HMRC has been using the Transfer of Assets Abroad (TAA) provisions in successful litigation for contractor loan and EBT loan schemes. Some scheme providers may be caught out by the use of what has been termed "the somewhat obscure anti-avoidance provisions in Section 720 ITA 2007".

In Boyle v HMRC [2013] TC03103 the First Tier Tax tribunal decided that a contractor loan scheme which tried to take advantage of using a loan made in an artificially fast depreciating foreign currency to avoid PAYE and NICs did not work.

The case is one of many variations on a similar theme, where an offshore intermediary is deployed to convert UK earnings into a loan, HMRC added these schemes to its Spotlights last year.

In Boyle, the IT contractor became an employee of a Manx company, Sandfield Consultants Ltd (SCL), after being paid a small salary he was made loans in different currencies. It was engineered by SCL and its associates that due to exchange rate fluctuations that Mr Boyle made a profit of around 78% on the resultant exchange gains. He claimed that this was not employment income. SCL had been under intense scrutiny by HMRC for some time in the early 'noughties' and this is one of many similar cases.

The First Tier Tribunal held that the gains were taxable as an employment benefit.

The case is of interest because HMRC argued that the income was taxable under the Transfer of Assets abroad provisions. It argued that:

  • Mr Boyle was liable to income tax in respect of the arrangements by virtue of the transfer of assets provisions in IRC v Brackett; Brackett v Chater (Inspector of Taxes); Chater (Inspector of Taxes) v Brackett 60 TC 134.
  • Entering into an employment contract with a company registered and resident abroad constituted a transfer of assets by Mr Boyle to SCL.
  • Mr Boyle had “power to enjoy” the income of the SCL as the income was dealt with and calculated so as to endure for Mr Boyle’s benefit and he received benefit, in particular the loan, out of the income or money available as a result of actions in respect of any assets directly or indirectly representing that income.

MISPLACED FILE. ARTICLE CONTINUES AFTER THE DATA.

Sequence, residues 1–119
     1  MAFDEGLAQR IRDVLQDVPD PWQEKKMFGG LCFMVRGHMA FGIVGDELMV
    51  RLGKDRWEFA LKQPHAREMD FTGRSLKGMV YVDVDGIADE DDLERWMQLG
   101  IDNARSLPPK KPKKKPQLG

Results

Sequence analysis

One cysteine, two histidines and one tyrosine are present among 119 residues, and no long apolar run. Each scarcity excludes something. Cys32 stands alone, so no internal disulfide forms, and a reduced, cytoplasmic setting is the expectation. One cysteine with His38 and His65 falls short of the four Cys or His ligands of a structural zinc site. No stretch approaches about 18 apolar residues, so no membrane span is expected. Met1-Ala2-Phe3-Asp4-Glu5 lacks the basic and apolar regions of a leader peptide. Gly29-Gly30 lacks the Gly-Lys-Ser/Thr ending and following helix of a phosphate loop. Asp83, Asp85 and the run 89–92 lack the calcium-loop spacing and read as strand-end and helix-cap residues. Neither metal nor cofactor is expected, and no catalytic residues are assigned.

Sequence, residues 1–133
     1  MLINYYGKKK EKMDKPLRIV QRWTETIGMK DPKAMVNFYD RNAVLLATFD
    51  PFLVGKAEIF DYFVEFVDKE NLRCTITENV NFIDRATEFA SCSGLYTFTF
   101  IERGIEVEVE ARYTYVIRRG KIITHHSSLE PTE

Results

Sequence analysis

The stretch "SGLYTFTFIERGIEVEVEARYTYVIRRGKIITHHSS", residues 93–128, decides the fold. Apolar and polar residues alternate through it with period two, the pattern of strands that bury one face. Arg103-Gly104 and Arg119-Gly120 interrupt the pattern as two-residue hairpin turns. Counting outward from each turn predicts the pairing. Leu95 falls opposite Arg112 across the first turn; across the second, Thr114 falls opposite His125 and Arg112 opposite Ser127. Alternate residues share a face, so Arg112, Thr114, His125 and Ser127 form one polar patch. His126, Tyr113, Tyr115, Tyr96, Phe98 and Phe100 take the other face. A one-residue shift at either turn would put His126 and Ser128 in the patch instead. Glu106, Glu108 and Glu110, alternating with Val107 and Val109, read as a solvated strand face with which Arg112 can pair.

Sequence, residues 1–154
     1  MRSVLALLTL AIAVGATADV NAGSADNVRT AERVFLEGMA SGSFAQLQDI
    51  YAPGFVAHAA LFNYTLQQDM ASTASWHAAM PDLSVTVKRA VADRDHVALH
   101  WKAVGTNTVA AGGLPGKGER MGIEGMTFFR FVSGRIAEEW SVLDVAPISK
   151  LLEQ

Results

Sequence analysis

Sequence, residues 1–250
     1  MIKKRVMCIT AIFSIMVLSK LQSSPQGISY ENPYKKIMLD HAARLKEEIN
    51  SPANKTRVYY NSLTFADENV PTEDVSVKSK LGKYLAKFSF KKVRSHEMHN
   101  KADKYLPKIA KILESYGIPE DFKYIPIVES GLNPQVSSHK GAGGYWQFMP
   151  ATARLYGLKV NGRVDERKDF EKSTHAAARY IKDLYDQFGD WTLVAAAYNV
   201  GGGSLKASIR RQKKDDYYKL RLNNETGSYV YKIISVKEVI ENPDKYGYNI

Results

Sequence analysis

• It was also submitted by HMRC that Mr Boyle received a capital sum within s739(3) ICTA as a result of which he was liable to tax on the full amount of such income was chargeable in Mr Boyle’s hands.


HMRC has also using the Transfer of Assets Abroad (TAA) provisions in respect of some EBT cases. Although new EBTs are now subject to the new disguised remuneration rules of Part 7a ITEPA 2003 HMRC is still tacking a backlog of old cases. We note that one of the scheme providers has written to clients warning them that HMRC regard their old EBT loans to be income and "as such are taxable or in the alternative are caught by the somewhat obscure anti-avoidance provisions in Section 720 ITA 2007 - ‘the transfer of assets abroad’ legislation."

Without doubt, the legislation will seem less obscure for scheme promoters when they start correspondence with HMRC and if their cases reach the tribunals but given that these rules have been around since the 1930s it makes one question why it would not have been considered in relation to any scheme which involves creation of offshore assets.

It is also interesting to note that HMRC has decided not to continue with changes which reform the TOA rules (deemed to complicated by consultees) and that is is currently drawing up proposals to tackle tax avoidance using offshore employment intermediaries. The changes in this area may make some UK employers less eager to engage staff via foreign intermediaries.

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